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Church demands a full apology for D'Arcy's F-word accusation


Radio presenter Ray D'Arcy

Radio presenter Ray D'Arcy

Radio presenter Ray D'Arcy

The Communications Office of the Irish bishops has demanded a full apology and retraction from radio presenter Ray D'Arcy after he told listeners "the Catholic Church, in many ways, has fucked up this country".

D'Arcy, regarded as Ireland's most successful independent broadcaster, made the comments live on air during a review of the morning newspapers -- a regular segment on his Today FM show which boasts 245,000 listeners.

Catholic communications chief Martin Long has demanded that the station and presenter retract the "insulting" and "offensive" comment on air tomorrow.

D'Arcy, who describes himself as an atheist, was reviewing coverage of a Dail speech made by Mayo Fine Gael TD Michelle Mulherin.

Ms Mulherin described "fornication", consensual sex between two unmarried people, as the biggest cause of unwanted pregnancy.

The use of the archaic term "fornication" provoked headlines and some derision -- though it was part of a nuanced speech in which Ms Mulherin, a solicitor, was attempting to tease out the legal and moral issues surrounding a bill unsuccessfully brought forward by Socialist Party TD Clare Daly to legislate for the X case and allow abortion in cases where the mother's health was in doubt.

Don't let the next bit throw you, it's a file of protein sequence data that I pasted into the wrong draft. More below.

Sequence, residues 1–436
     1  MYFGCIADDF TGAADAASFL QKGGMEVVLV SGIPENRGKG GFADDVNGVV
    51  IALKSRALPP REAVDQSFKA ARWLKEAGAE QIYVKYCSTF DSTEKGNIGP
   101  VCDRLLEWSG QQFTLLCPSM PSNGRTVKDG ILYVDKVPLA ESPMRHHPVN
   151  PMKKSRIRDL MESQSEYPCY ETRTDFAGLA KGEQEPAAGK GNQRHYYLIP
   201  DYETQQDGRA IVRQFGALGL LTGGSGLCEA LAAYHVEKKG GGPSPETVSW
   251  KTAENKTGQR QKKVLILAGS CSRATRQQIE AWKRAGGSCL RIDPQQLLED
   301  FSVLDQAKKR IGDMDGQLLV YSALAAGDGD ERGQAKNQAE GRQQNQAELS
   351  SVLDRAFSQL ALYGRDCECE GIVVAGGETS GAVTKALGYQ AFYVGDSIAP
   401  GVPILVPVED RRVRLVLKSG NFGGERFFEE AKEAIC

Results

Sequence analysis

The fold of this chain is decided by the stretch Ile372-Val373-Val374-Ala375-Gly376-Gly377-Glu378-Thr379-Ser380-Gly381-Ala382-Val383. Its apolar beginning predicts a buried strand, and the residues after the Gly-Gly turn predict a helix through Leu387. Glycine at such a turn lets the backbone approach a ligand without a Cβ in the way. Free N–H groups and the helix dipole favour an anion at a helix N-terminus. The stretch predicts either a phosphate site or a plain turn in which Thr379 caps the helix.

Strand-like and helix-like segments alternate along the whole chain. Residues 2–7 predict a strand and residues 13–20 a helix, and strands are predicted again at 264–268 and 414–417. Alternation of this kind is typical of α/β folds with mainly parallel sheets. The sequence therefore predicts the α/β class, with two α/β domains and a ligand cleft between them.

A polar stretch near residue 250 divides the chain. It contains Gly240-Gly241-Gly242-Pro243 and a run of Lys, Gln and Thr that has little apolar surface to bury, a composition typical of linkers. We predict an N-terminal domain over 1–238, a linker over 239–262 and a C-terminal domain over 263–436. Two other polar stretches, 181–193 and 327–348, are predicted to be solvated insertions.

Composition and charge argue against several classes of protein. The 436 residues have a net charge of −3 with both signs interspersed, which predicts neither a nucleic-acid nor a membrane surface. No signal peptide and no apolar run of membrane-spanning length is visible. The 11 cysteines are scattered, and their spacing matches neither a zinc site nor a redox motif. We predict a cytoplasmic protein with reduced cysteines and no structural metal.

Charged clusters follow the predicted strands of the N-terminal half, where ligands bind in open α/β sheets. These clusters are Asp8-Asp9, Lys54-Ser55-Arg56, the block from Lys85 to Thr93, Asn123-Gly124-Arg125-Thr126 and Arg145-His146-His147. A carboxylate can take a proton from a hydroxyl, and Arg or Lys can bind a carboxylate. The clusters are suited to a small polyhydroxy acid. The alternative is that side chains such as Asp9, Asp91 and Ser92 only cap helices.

Ms Mulherin said the religious argument was "abortion is murder, therefore sin". But she said it was no more sinful than other sins that are not banned by law, such as "greed, hate and fornication".

She also said nobody should be having unsafe sex, "with AIDS and all the sexually transmitted diseases we know about.

"That has to be questioned as well. How well and how much are we respecting our own lives and our own bodies in the process?" she said

In his letter to station bosses, Mr Long said: "Mr D'Arcy's statement is grossly offensive and factually inaccurate. All those who hold the Catholic faith dear are deeply insulted by this appalling language.

"By any objective or subjective measure, lay and religious members of the Catholic Church have and continue to contribute to the common good of our society, particularly in the areas of poverty, social justice, health and education.

"In addition, it is shocking to hear such language on a national radio station at 9.15 on a school-day morning. I ask that an apology and a retraction be broadcast by the presenter at an equivalent time the next time the programme is broadcast, on Monday, 23 April," Mr Long wrote.

In an interview with Hot Press two years ago, D'Arcy said: "I would have attended Mass until about 28.

"And increasingly, I was finding myself during the sermon questioning things.

"And then there was a new curate, and he came to the sermon -- and he could have been younger than me. I was 28 or 29 at the time -- and he said that if you're not suffering, you're not a good Catholic. And at that stage I just said: 'Ah lads, come on'."

Producer Will Hanafin said that the presenter apologised later during Friday morning's programme for using the "F-word in the heat of the moment".

Mr Hanafin said the complaint would be discussed at a pre-programme meeting on Monday morning.

Sunday Independent